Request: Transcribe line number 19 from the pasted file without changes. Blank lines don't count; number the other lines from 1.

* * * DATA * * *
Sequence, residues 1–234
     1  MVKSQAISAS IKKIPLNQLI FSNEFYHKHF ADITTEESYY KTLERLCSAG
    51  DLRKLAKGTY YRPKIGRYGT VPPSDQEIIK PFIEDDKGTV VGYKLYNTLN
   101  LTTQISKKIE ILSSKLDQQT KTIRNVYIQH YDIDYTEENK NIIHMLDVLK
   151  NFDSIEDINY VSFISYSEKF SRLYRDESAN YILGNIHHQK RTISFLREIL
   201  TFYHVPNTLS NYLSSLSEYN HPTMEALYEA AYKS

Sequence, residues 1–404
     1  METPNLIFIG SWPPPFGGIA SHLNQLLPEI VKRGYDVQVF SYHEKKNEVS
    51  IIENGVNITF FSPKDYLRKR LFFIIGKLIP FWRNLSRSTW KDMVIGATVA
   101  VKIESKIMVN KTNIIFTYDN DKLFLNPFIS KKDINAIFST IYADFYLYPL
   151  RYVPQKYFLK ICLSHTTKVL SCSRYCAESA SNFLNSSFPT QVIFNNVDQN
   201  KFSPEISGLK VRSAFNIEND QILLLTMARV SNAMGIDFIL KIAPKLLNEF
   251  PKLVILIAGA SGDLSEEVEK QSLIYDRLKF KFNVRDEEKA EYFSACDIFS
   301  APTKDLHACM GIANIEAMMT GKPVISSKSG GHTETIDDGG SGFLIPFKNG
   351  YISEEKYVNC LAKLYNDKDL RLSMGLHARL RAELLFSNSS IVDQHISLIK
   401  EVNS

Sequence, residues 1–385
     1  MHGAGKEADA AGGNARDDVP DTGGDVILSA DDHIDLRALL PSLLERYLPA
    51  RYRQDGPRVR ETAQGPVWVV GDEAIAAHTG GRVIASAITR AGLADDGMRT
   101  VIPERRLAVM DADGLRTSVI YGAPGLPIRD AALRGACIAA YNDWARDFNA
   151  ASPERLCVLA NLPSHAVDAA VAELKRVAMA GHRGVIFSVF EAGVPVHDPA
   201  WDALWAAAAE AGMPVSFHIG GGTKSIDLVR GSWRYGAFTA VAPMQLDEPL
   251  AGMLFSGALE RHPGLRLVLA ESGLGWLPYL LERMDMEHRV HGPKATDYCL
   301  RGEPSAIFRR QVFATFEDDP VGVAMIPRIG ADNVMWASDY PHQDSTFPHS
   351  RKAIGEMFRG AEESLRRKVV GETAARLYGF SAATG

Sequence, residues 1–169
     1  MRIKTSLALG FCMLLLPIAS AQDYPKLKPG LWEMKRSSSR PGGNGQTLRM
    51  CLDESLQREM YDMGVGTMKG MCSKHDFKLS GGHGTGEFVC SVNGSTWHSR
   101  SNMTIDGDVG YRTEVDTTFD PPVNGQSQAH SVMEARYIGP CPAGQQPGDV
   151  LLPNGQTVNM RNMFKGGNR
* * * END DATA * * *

    51  RYRQDGPRVR ETAQGPVWVV GDEAIAAHTG GRVIASAITR AGLADDGMRT